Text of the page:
Rory Best became the fourth oldest try scorer in Rugby World Cup history when he touched down during the first half of Ireland’s 27-3 bonus point win over Scotland in Yokohama.
At 37 years and 37 days, he comes in just behind England’s Nick Easter (2015) and Tonga’s Fakahau Valu (1987), who were both 37, and 40-year-old Uruguayan player Diego Ormaechea (1999). For Best, he was just happy to be able to steer Ireland to a momentum-building start in the rain-soaked conditions.
The Ireland captain, who is playing at his fourth Rugby World Cup, commented: “When you start the tournament against a team like Scotland you have a lot of nerves. You know you have to start well, and from a forwards’ point of view, to get a couple of tries in tight is pleasing, but we know that it’s just a start and we need to get better.
“It’s nice to have played in four World Cups but ultimately, from a personal point of view, that means nothing. It’s about making sure that that we get better as a collective as we go along.”
Best had two key moments within sight of the Scottish line, reaching out to score from a 13th-minute maul and then providing the latch as his front row colleague Tadhg Furlong powered over in the second quarter. It was a business-like start from the Irish forwards who shared out three tries on the night and enjoyed a 100% return from their 12 lineouts and ten scrums.
Influential lock Iain Henderson lit the touchpaper for the performance with a smashing early break. Speaking afterwards, he was thrilled that the evergreen Best delivered a big display and played the full 80 minutes at the coalface against tough opponents and in worsening wet conditions.
“In World Cups and scenarios, when you have a few injuries, it’s not always ideal when there are not many subs. You need to show you can play 80 minutes,” said Henderson, acknowledging the early losses of Bundee Aki and Peter O’Mahony, as well as Josh van der Flier’s departure late on which saw Niall Scannell come in at flanker.
“I thought he (Best) had an absolutely sterling performance and he silenced all of his critics out there. You don’t quite understand what Rory adds to the squad. He has been absolutely incredible and I think today you got a small insight into what he can bring.”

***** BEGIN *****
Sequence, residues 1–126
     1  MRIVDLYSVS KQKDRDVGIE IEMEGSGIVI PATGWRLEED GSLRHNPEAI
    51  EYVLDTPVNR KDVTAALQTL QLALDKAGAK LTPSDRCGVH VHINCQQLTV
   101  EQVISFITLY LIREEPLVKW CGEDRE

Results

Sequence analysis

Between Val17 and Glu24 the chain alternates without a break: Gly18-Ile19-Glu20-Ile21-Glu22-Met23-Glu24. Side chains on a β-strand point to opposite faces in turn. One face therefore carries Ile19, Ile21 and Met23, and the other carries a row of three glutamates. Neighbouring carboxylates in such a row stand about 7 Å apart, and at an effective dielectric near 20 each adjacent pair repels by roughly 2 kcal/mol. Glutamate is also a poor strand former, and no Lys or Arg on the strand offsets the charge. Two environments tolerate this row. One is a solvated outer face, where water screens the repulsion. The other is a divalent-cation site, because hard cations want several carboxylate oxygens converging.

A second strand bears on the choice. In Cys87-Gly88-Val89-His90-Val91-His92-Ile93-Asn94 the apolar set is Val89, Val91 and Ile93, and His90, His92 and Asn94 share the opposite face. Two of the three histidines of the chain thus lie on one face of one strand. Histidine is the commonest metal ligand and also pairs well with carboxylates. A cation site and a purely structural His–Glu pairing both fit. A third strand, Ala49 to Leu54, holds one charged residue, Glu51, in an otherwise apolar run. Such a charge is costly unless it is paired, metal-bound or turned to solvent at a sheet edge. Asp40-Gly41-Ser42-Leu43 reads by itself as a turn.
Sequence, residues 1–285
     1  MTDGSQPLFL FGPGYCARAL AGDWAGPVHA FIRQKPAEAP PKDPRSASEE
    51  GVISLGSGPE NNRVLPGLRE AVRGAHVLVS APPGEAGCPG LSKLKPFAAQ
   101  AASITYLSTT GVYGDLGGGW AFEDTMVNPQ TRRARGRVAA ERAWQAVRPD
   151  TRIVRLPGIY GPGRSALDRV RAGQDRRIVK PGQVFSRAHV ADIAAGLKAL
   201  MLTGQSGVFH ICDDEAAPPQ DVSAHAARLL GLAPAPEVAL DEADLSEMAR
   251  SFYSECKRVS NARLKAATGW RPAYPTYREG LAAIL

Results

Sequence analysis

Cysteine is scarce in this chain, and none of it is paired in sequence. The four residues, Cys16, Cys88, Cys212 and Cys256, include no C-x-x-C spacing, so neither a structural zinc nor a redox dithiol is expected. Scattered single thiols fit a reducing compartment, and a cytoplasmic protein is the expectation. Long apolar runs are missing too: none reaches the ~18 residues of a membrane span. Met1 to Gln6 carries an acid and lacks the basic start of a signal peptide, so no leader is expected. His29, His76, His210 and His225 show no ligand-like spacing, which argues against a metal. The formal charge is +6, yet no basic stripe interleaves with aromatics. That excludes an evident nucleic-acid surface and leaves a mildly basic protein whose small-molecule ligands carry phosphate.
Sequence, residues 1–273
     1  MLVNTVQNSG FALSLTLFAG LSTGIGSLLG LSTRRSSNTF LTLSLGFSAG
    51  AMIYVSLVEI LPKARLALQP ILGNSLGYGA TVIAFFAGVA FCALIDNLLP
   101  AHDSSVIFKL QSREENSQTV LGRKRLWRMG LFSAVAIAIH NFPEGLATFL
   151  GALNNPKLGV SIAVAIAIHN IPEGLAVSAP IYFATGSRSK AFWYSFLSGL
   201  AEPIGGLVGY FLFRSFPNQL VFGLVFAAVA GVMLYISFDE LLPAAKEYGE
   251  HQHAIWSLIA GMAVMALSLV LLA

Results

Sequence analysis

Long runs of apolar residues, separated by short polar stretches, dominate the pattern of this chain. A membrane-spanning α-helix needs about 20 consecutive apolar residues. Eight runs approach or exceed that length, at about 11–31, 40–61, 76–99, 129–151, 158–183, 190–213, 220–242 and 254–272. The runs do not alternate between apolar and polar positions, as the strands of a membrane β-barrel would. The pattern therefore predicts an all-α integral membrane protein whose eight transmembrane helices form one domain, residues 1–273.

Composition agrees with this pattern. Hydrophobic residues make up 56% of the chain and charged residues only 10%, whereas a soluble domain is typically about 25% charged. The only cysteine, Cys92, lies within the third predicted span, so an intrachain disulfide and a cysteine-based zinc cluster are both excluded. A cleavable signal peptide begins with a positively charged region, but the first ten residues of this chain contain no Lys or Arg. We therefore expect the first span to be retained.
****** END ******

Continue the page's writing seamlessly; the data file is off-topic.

On his own involvement in the build-up to James Ryan’s opening try in the fifth minute, he quipped: “Five minutes after that (run) I wasn’t feeling great! When I see someone else do that it gives me a massive lift.
“(There was) unbelievable support from the guys to clear out and James Ryan to get the try. Not that we planned it during the week, but there is a lot of emphasis on line breaks and us doing what we can.”
As well as eye-catching breaks by Henderson and CJ Stander, the Mastercard player-of-the-match, Best was eager to highlight the approach work done by an Irish back-line which contained five World Cup newcomers – and an average of 19 caps across numbers 11 to 15.
“It was a really good combination (of forwards and backs). A couple of the forwards’ tries came from great play by Garry Ringrose, Bundee, then Jordan Larmour, Andrew Conway – they’re getting us into positions, the way Johnny (Sexton) and (Conor) Murray, in the first half, kicked.
“It leaves it easier as a pack if you’re on the front foot. But we’re under no illusions – that was a good start for us but we know – and the management will show us tomorrow – how much we need to improve going forward.”
Best is now Ireland’s oldest ever try scorer in a Rugby World Cup match, taking over from Victor Costello who was 32 years and 353 days when he scored against Romania back in October 2003. It is another milestone he will be able to look back on with pride when he hangs up his boots in the coming months.
Before then, Joe Schmidt’s men will look to continue on an upward curve as they try to mount a title challenge in the Land of the Rising Sun. Since their heavy defeat to England at Twickenham, Ireland have won three games on the bounce and Best says they have put some harsh lessons into practice.
“Probably the biggest frustration within was that we knew we had a lot more to give and we just weren’t getting it for whatever reason. As players, maybe we didn’t put enough pressure on ourselves to execute the plan we were given.
“Sometimes you need to draw a line in the sand. We were more disappointed than anyone in Ireland or the world with that England performance. We needed to be a lot better than that, and we are a lot better than that. Our potential is a lot better than that.
“It was pleasing the way we played in the next two Wales games and into today. There’s always going to be critics and I think the constructive criticism we get from Joe and the rest of the coaches is probably tougher than anything. And that’s how you learn and get better,” he added.